By ALEX UANGBAOJE United Nations Children’s Fund (UNICEF), and European Union (EU), have improved the capacity of 5,733 health officers in Kebbi State between 2016 and 2019.
UNICEF’s Health Specialist, Sokoto Field Office, Dr Danjuma Nehemiah, who made this known in Sokoto on Thursday, said that 3,000 of the health workers were Community Health Extension Workers.
Nehemiah said that the officers were trained under the Maternal, Newborn, Child Health and Nutrition (MNCHN), project aimed at enhancing quality of health and nutrition service in the state.
He said that the project was being funded by EU and implemented by UNICEF to also strengthen primary healthcare and community resilience for improved maternal, newborn, child health and nutrition outcomes.
He said that the officials were trained to be able to plan, implement and monitor progress in the delivery of healthcare services and nutrition interventions in the state.
According to Nehemiah, the goal is to enable the health workers effectively deliver high impact health and nutrition services to children under five years, pregnant women and lactating mothers in the state.
“I am very confident that with the improved capacity, the health workers will continue to deliver quality health and nutrition services even when the MNCHN project winds up in August.’’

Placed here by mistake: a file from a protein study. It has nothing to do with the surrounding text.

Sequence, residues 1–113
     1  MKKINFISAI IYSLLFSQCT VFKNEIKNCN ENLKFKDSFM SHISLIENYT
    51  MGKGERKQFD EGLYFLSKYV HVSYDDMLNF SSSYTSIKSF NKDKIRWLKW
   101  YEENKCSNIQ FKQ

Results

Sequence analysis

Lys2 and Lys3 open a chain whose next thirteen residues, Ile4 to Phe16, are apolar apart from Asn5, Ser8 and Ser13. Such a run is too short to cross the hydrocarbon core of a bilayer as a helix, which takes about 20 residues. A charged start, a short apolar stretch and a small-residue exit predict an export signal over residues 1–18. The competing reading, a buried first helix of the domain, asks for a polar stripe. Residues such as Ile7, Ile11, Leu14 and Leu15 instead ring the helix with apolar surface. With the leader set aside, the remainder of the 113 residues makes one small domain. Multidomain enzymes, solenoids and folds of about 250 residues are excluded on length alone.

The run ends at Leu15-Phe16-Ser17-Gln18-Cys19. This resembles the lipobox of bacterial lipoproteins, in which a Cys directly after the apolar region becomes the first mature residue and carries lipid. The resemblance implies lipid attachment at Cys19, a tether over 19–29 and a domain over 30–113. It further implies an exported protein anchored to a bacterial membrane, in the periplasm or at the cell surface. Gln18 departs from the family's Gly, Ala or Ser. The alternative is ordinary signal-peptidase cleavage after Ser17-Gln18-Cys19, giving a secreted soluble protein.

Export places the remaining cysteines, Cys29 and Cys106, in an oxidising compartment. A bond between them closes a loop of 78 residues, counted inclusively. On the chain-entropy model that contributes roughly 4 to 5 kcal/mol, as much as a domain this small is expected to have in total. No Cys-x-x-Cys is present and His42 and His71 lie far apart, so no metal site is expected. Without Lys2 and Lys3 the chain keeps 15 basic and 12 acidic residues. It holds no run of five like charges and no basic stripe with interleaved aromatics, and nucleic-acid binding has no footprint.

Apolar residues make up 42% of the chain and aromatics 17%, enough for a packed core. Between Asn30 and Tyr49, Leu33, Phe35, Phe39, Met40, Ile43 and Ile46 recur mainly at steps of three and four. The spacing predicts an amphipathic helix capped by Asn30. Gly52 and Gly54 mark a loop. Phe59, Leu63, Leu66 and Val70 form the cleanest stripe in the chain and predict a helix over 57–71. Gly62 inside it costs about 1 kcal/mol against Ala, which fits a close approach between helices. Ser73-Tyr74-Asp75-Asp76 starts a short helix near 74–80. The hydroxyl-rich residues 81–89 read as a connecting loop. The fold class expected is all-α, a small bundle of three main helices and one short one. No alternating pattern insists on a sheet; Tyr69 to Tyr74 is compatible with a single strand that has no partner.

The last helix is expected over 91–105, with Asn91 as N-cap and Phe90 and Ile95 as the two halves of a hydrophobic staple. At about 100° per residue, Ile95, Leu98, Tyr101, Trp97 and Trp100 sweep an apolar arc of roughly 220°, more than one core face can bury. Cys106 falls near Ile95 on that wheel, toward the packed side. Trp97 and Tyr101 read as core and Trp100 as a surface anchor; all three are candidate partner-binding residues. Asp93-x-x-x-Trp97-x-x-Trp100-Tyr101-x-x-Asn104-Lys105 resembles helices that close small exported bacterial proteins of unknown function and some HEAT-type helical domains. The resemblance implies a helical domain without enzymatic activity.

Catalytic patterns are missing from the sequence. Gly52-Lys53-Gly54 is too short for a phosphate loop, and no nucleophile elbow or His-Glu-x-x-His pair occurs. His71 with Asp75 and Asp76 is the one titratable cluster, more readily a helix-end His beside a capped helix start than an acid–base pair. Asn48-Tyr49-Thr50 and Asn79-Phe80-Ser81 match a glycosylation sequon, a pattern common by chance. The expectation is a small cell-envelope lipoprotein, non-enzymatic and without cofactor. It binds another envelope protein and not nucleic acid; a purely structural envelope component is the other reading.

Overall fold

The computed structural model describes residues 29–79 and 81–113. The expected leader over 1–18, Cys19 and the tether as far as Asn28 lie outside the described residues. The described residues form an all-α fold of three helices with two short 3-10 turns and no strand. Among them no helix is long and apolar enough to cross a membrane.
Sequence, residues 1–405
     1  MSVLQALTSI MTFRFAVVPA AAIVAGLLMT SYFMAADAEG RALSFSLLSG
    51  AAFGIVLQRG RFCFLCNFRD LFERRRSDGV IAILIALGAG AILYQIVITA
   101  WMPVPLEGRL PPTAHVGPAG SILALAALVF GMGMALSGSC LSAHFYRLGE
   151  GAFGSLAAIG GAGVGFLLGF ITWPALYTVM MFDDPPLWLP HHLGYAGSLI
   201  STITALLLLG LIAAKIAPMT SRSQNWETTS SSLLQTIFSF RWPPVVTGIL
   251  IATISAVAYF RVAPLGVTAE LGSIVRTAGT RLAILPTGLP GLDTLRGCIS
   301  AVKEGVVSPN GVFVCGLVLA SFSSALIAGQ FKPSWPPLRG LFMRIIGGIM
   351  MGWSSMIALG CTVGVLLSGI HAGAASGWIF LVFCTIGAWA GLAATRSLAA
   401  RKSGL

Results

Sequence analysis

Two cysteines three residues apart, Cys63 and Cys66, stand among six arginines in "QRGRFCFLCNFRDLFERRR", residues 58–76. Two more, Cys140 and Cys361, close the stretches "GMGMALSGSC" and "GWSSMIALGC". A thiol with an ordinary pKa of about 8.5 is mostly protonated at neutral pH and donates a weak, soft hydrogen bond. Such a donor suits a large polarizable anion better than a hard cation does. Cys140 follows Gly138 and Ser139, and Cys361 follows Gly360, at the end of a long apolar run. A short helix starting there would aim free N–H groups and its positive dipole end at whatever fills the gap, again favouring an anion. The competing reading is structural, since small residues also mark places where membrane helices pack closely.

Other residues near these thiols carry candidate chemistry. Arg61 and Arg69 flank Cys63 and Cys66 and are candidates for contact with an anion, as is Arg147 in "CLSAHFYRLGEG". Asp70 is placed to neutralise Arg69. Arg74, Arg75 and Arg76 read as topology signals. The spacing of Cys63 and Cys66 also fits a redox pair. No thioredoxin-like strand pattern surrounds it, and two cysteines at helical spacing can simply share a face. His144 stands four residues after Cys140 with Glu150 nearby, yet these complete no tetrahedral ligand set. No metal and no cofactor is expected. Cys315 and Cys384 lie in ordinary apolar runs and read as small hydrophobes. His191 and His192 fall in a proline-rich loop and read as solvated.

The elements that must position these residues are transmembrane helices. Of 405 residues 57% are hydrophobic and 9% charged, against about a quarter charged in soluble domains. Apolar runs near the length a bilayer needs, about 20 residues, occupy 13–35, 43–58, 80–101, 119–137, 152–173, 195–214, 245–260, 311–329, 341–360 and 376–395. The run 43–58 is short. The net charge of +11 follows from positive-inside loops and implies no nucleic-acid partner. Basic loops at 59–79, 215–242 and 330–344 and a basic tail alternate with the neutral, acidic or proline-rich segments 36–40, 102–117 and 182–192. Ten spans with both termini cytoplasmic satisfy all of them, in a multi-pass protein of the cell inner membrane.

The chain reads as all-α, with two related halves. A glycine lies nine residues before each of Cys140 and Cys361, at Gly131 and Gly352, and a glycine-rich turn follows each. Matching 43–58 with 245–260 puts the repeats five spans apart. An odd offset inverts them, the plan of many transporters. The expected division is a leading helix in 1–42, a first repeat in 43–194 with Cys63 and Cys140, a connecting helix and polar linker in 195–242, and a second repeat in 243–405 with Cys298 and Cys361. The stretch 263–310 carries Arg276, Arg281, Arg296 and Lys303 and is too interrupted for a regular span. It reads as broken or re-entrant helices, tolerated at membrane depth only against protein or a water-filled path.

The health specialist equally said that about 39 primary healthcare facilities, out of the 99 facilities earmarked for renovation under the MNCHN project, had been renovated and handed over to the government.
“We are in the process of completing the remaining facilities to support and strengthen healthcare service delivery in the 225 political wards in the state.
“We have equally supported the 225 facilities with commodities, especially basic drugs for children under five years and pregnant women.
“Equipment are also provided in the facilities which include diagnostic equipment, furniture like beds and examination couches among others,’’ Nehemiah said.
He added that the project also provided water, including sanitation facilities like toilets and hand washing points in the renovated PHCs to promote Water, Sanitation and Hygiene (WASH), practices.
According to him, under the WASH programme, the water facilities have been extended to communities where the health facilities are cited.
“The MNCHN project also ensures that 120 out of 225 health facilities have Community Management of Acute Malnutrition sites for the treatment of acute malnourished children,” he added.
The state’s Nutrition Officer, Mrs Beatrice Kwere, had told journalists, in Birnin Kebbi, that no fewer than 102,761 malnourished children in the state had been treated between 2016 and 2019.